We immediately ordered Lost On A Mountain in Maine, and as a family, found ourselves lost, tangled in the briars, starving, navigating, and hallucinating our way to what may have been nowhere, but fortunately for Donn, he was finally somewhere, and back home with his family.
We were, of all things, camping in the mountains when we neared the end of the book. We could not bring ourselves to begin to enjoy our trip until we were finished with the story. Perched on the edge of our seats, which happened to be a picnic table in the Tallulah Gorge State Park Camp Ground, we wept as Donn was finally rescued and reunited with his family.
From tales of pioneers in the early 1900s to fictional dystopian societies, survival stories draw us in and hold us captive. They teach us more about ourselves than we may even want to know. They force the reader to cope with suffering, strength, weakness, problem solving, death, fortitude, and self-reliance – life.
With the protracted war in Ukraine and immense human suffering in Israel and Palestine, I find myself thinking through the idea of what children need to think with. What I need to think with? Whether or not adults, and especially adults in positions of authority, can see beyond a fixed set of possible solutions to crises around us, it is important to remind children that their capacity for discovery and growth is part of what changes our world.
Student responses to survival texts:
My Side of the Mountain by Jean George
- “The story is inspiring. It recounts different ways Sam did things to survive with pictures and descriptions. It shows how different our lives might be, but he was just a regular person like us.”
Diary of an Early American Boy by Eric Sloan
- “It’s the creative thinking that I want to apply to my life, especially because they are stories about someone my own age. I read about them, and they are doing things I feel like I could do, but I can try them in a safe situation.”
Little Britches by Ralph Moody
- “I can relate to a son trying to get along with his father and trying to be a man. It has normal everyday life, like learning to tell the truth: for example, when he steals a chocolate – it deals with what he did right and what he did wrong.”
Relevant Application and Readings
In middle school and high school classrooms, reading about resourceful children, children who learn and survive, sets the stage for space to write, sketch, and dialogue. As students find parallels in their own lives, they connect to the text and to each other. I challenge us all as educators to enter the process with our students. In My Side of the Mountain, Sam journals and sketches his daily experiences as he attempts to survive in the wilderness. How can I bring that to students?
My students and I sketched our bedrooms. Some were crud pencil sketches, some were maps, while others were elaborate with minute colorful details. Their bedroom is a wilderness tamed, a safe space for them to navigate and create.
One student talked about her head mannequin set up on her desk. She practices doing hair and make-up because she wants to be a mortician! By sharing about it in this context, classmates were able to ask questions, and she was able to share about her world, and how she is making sense of beauty and life and death. If we give them the opportunity to talk about their lives, we find a path for them to be able to communicate and dialogue openly with us and with each other.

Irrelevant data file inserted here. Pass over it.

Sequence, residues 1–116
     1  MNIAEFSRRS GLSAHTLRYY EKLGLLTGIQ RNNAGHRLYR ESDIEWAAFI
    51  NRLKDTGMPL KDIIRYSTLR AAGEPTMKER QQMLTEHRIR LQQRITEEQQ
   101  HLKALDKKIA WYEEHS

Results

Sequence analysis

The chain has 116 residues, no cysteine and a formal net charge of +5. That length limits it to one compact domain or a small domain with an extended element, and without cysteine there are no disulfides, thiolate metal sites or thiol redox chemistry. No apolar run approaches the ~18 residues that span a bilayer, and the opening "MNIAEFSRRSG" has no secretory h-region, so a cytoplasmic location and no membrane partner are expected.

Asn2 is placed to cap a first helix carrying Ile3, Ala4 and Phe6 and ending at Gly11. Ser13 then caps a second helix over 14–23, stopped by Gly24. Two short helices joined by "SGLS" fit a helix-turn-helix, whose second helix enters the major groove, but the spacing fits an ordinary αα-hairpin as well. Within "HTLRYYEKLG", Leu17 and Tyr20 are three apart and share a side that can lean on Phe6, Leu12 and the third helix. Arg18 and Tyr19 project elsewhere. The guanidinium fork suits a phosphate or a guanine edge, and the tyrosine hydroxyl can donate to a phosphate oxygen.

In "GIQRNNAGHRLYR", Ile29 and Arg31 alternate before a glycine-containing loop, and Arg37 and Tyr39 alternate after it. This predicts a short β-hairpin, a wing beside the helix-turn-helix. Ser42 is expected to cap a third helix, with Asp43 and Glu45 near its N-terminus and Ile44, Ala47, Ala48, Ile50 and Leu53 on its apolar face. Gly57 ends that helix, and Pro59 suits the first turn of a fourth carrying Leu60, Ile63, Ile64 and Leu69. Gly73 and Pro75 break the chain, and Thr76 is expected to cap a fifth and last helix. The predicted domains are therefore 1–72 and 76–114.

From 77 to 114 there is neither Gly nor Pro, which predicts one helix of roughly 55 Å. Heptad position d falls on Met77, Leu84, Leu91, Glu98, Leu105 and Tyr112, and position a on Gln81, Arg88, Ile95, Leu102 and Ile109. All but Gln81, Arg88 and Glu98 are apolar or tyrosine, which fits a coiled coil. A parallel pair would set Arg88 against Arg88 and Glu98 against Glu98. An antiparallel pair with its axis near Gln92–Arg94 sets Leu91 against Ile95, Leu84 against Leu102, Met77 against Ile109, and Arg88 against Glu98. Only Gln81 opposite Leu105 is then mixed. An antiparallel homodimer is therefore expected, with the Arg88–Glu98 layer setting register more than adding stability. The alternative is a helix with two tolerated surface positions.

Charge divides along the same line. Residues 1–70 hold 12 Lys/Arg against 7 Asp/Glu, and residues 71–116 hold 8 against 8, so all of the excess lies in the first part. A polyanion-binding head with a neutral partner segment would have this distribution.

We can find capacity for discovery and growth with our students and survival texts provide an outlet that allow us to navigate this wild world.
Diary of an Early American Boy by Eric Sloan, tells the story of the evolution of a frontier settlement to a colonial town as a series of problems solved through fifteen-year-old Noah Blake’s journal. Complete with rich illustrations and diagrams that invite the reader into the visual and tactile problem solving space where Noah was growing up.
The Grace Year by Ken Leggett: In gaslit Garner County, women and girls are said to harbor diabolical magic capable of manipulating men. A rebellious 16-year-old is sent to an isolated island for her grace year when she must release her seductive, poisonous magic into the wild before taking her proper place as a wife and child bearer. In reality, it is a year of fighting for survival against hunger, the elements, and the other girls sent away with her.
My Side of the Mountain by Jean George tells the story of a young boy who learns courage, independence, and the need for companionship while attempting to live in Upstate New York’s Catskill Mountains. He teaches himself wilderness survival skills by reading a library book. Sam forages for edible plants, trap animals for food. The book is written through his journals.
Hatchet by Gary Paulsen: After the plane he is in crashes, thirteen-year-old Brian struggles to survive alone in the Canadian wilderness with one tool: A hatchet. He also works to understand his parents’ divorce as he finds his way into adulthood.
Julie of the Wolves by Jean George: Split between two worlds, Julie/Miyax runs away when her life in an Alaskan village becomes dangerous. She finds herself lost in the harsh Alaskan wilderness. She survives by copying a pack of wolves that become her family. The story shows the interdependence between people and animals and the struggles between cultures and communities.
Little Britches by Ralph Moody is the story of a New England family who moves out west at the beginning of the 20th century. From Ralph’s point of view, he tells of their innovative carving out a life in the Wild West. It tells the stories of the dangers and difficulties they face as well as everyday experiences with farm work, horses, and land rights.